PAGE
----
Crime Prevention

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Crime Prevention

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Burglary Prevention

 

What is Burglary and what do Burglars look for?

     When a person enters a building with the intent to commit a crime, unless the premises are open to the public at the time of entry.  Burglars go through neighborhoods looking for uncut lawns and stuffed mailboxes. In the evening, they look for darkened houses or lights that have been left on too long.

     Another tactic Burglars use is simply approaching a home and ringing the doorbell.  If someone is home and answers the door the burglar may pretend to be lost and ask for directions.  If you have someone approach your home in this manner, call the police immediately. Try to get a description of the person and any involved vehicle, along with a license plate number if possible to pass on to the police. The police will verify the story and offer any necessary assistance.

 

     The following burglary prevention tips will help to make you and your family safer.

  • LOCK YOUR DOORS AND WINDOWS - Most burglars are opportunists. Many gain entry by "cruising" the neighborhood looking for unlocked residences. This allows a quiet and easy entrance to your home.

  • LIGHT UP THE OUTSIDE - Good exterior lighting is one of the best deterrents of a burglar. Inexpensive electric timers, electric photo-cells, or passive infrared sensors will automatically turn lights on and off. If a burglar is afraid they will be seen around your house they won't approach it.

  • DON'T GIVE A BURGLAR A PLACE TO HIDE - Shrubbery should never block the view of your exterior doors and windows. This allows a burglar a place to hide while they attempt to gain entry into your home. It also shields then from passing neighbors and police patrols.

  • REPORT ALL SUSPICIOUS PERSONS TO THE POLICE - Report all suspicious persons to the police immediately. "Cruising" the neighborhood can occur at anytime. This could help prevent you or your neighbor from becoming a possible target of a burglar.

  • HOME CHECK LISTS - Sometimes it is best to utilize a check list to see if you have covered everything.  This way visually seeing something is not done of fixed can be attended to.  A checklist PDF is provided for print out.

Home Check List

 

Identity Theft

What is Identity Theft?
     Identity theft or identity fraud (true name fraud) is the taking of the victimís identity to obtain credit, credit cards from banks and retailers, steal money from the victimís existing accounts, apply for loans, establish accounts with utility companies, rent an apartment, file bankruptcy or obtain a job using the victimís name. The Impersonator steals thousands of dollars in the victimís name without the victim even knowing about it for months or even years. Recently criminals have been using the victimís identity to commit crimes ranging form traffic infractions to felonies.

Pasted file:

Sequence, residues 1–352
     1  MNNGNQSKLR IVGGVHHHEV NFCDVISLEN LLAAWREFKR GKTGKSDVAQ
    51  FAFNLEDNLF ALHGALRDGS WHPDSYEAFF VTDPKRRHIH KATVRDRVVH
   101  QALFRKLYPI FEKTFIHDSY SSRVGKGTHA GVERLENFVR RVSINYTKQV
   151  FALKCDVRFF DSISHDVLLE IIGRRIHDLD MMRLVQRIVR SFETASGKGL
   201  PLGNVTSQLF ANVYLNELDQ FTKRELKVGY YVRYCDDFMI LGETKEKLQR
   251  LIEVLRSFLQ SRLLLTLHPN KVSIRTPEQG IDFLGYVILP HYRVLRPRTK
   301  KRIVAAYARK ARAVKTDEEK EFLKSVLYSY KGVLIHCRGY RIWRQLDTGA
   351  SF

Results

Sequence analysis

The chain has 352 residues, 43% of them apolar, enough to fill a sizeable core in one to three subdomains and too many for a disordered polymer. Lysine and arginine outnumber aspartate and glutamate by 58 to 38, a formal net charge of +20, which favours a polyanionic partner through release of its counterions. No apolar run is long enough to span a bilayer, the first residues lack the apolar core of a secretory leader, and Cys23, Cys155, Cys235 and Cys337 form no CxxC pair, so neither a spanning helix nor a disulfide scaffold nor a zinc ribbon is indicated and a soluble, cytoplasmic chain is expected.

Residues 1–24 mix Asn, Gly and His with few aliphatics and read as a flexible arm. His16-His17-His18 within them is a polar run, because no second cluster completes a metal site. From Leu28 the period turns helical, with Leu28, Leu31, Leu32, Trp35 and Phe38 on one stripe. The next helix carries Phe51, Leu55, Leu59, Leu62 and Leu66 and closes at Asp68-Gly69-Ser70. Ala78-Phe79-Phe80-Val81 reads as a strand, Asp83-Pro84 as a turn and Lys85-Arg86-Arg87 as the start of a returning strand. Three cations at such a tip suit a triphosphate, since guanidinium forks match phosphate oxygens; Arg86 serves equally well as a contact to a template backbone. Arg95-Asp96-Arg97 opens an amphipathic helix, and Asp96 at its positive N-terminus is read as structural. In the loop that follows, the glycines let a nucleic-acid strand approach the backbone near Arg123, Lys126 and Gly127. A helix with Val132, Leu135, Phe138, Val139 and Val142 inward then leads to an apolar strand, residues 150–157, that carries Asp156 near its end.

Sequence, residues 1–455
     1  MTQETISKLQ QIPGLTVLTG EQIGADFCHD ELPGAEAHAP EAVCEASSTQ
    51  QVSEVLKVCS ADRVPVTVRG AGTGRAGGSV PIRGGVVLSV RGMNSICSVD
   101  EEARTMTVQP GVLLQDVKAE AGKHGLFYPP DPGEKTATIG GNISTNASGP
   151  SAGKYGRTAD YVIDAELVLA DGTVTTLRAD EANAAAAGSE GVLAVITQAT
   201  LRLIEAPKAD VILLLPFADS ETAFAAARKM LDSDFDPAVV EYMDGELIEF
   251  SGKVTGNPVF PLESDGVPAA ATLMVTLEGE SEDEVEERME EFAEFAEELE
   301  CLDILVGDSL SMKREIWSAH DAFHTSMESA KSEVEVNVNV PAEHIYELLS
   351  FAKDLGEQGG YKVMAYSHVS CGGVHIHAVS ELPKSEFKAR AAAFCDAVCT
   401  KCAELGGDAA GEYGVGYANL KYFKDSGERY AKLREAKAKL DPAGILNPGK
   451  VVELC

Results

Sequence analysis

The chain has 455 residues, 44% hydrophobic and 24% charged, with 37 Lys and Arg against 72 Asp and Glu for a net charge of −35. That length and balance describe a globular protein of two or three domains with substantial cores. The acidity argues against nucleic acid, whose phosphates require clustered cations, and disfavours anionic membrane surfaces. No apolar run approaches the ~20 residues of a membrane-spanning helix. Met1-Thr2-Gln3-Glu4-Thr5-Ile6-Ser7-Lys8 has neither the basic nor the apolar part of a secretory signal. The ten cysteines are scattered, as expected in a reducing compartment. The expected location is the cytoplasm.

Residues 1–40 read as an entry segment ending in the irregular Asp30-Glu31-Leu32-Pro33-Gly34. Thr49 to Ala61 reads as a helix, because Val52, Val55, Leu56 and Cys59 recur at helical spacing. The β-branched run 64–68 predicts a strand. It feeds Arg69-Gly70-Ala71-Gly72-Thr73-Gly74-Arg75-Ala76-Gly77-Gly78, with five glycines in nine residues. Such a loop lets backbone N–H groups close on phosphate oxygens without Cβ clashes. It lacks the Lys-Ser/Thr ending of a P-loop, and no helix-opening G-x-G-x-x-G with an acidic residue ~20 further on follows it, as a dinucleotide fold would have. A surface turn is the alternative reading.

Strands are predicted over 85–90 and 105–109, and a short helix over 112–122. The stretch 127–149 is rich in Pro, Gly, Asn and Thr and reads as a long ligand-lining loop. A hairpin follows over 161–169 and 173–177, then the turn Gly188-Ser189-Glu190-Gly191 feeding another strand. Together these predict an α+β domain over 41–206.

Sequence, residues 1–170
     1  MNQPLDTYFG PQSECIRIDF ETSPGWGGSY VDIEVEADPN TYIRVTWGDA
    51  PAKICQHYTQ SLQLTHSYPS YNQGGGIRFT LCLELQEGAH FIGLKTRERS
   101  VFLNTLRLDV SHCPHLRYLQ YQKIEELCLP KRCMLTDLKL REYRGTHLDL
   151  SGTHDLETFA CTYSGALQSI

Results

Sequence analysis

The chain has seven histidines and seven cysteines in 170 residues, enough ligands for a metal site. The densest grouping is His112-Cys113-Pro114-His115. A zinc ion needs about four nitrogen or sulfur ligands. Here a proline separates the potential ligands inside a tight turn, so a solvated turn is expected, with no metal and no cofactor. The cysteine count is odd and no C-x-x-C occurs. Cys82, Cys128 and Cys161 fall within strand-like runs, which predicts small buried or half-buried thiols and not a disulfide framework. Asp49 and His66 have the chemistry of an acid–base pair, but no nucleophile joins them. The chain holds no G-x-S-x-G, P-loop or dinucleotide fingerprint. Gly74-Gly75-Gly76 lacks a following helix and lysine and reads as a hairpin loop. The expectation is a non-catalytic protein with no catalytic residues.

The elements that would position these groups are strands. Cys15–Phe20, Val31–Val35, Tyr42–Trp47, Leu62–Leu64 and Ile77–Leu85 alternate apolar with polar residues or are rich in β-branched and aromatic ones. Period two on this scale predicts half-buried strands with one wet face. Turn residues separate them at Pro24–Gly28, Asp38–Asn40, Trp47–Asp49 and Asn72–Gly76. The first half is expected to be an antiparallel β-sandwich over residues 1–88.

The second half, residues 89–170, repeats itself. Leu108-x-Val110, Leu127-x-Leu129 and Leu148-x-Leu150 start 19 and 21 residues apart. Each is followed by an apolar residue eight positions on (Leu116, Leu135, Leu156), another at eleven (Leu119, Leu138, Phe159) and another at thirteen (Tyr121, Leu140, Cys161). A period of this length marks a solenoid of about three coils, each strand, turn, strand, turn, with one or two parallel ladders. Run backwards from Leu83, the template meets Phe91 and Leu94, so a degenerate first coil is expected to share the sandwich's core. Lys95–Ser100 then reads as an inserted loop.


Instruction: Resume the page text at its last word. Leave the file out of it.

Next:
How does the imposter take your identity?
     It is easy. All that is needed is your social security number, your birth date and other identifying information such as your address and phone number and whatever else they can find out about you. With this information, and a false driverís license with their own picture, they can begin the crime. They apply in person for instant credit, or through the mail by posing as you. They often provide an address of their own, claiming to have moved. Negligent credit grantors in their rush to issue credit do not verify information or addresses. So once the imposter opens the first account, they use this new account along with the other identifiers to add to their credibility. This facilitates the proliferation of the fraud. Now the thief is well on his/her way to getting rich and ruining your credit and good name.

Where does the impersonator get information about you?
     ANYWHERE - your doctor, accountant, lawyer, dentist, school, place of work, health insurance carrier, and many others have your identifying information. If some criminally minded person is working at the office (or just visiting) decides to use this information to assume your identity, you would not know it. Also if this information is not disposed of with a shredder, a "dumpster-diver" could pick up the information and begin the crime against you. You do not need to lose your wallet or have anything tangible stolen from you for someone to take your identity. If you do not shred your confidential information, utility bills, credit card slips and other documents, it is easy to "dumpster dive" your garbage. Much of your information is readily available on the internet, at courts, and accessible from public documents. Additionally, if someone obtains your credit report illegally, they have all the information necessary to become you.

     For further information on identity theft go to the Federal Trade Commission ID theft WEB Site.

     ID Theft Tips: When Bad Things Happen To Your Good Name